The bank was listed in the 1877 city directory. (Vice president David Chapman Bennett’s house survives on Samuels Aveneue.) And an 1885 Sanborn map shows that the three-story bank building (a skyscraper for its day) also housed Fort Worth’s first telephone exchange.
First National’s second home was built about 1900 on Houston Street at West 7th Street. (Image from Greater Fort Worth, 1907.)
On November 15, 1908 the Telegram announced that First National Bank would build a third home on the site of the second. The new building would be seven stories tall. Architects were Sanguinet and Staats.
But on March 7, 1909 the Star-Telegram announced that the building would be a vertiginous ten stories—the tallest building in Fort Worth. A pure-dee skyscraper!
The steel frame allowed the new bank building to reach for the sky. The building went up quickly. The old bank building had not been torn down until late February. But on June 19 the Star-Telegram printed a photo of the completed steel frame. For contrast, floating beside the frame was a small photo of E. B. Daggett, son of early civic leader Ephraim Merrell Daggett and father of Jeff Daggett. The caption says that in 1857 E. B. Daggett at age nineteen helped build the first brick building in Fort Worth, for which work he was paid $2.50 a day and spent it all on “ginger cake and soda pop.”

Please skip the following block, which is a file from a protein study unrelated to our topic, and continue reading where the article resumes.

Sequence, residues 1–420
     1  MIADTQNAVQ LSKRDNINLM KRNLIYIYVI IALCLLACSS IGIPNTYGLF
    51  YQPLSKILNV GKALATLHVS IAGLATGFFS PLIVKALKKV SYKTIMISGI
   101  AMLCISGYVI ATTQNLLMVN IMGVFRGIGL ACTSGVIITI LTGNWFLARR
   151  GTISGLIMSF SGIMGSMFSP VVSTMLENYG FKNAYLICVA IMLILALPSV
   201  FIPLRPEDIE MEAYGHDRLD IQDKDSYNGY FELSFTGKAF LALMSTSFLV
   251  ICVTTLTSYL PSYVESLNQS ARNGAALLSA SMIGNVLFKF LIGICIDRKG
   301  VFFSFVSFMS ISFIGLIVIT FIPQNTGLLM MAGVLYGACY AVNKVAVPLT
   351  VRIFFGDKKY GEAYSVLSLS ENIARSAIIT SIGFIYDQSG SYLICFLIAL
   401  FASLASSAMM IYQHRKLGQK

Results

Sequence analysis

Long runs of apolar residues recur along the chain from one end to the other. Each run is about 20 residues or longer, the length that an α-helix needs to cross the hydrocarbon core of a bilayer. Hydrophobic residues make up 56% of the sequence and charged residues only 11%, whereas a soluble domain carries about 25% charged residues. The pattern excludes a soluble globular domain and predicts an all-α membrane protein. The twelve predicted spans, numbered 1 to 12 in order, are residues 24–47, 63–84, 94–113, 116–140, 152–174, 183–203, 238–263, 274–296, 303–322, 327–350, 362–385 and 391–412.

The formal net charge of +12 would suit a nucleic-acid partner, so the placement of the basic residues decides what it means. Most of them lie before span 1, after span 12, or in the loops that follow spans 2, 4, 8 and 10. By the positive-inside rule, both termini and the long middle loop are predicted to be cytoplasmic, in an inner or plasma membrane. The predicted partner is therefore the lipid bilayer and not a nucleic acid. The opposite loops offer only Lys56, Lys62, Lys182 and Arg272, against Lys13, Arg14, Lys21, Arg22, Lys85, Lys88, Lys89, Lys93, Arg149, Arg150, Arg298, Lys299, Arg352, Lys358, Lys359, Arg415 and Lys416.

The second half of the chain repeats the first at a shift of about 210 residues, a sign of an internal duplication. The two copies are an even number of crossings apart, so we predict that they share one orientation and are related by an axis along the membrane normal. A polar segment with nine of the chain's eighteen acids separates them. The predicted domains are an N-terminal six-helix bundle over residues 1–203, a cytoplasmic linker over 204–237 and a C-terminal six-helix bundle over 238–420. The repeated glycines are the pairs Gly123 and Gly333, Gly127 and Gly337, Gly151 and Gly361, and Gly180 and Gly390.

On September 29, 1909 the Star-Telegram reported that a drunk had climbed to the top of the “skyscraper” and dropped pebbles onto passersby below. Note that now the building is described as eleven stories tall.
On February 14, 1910 the Star-Telegram reported that a time capsule containing the names of bank employees had been placed in the masonry in the lobby of the new building. The capsule was to be opened and updated in fifty years.
Two days later, on February 16, 1910 the employees of First National Bank moved into the “magnificent new skyscraper.” In a few days a few tons of gold and silver would be moved to the new vault.
When bank founder Loyd died in 1912 his last words reportedly were about his bank’s new home: “Damn my soul, you’ll never fill that building.”
But Loyd’s bank would not only “fill that building” but also in 1926 would double its size. The 1910 building was only fifty feet wide along Houston Street—the width of three columns of windows. Architect Wyatt Hedrick, a protégé of Sanguinet and Staats, designed an expansion that widened the front facade by three identical columns of windows.
First National Bank moved to a new building at 500 West 7th Street in 1961. In 2003 XTO Energy bought the 1910 building and restored it. The building was renamed the “Bob Simpson Building” in honor of the XTO cofounder.
Some views of First National Bank: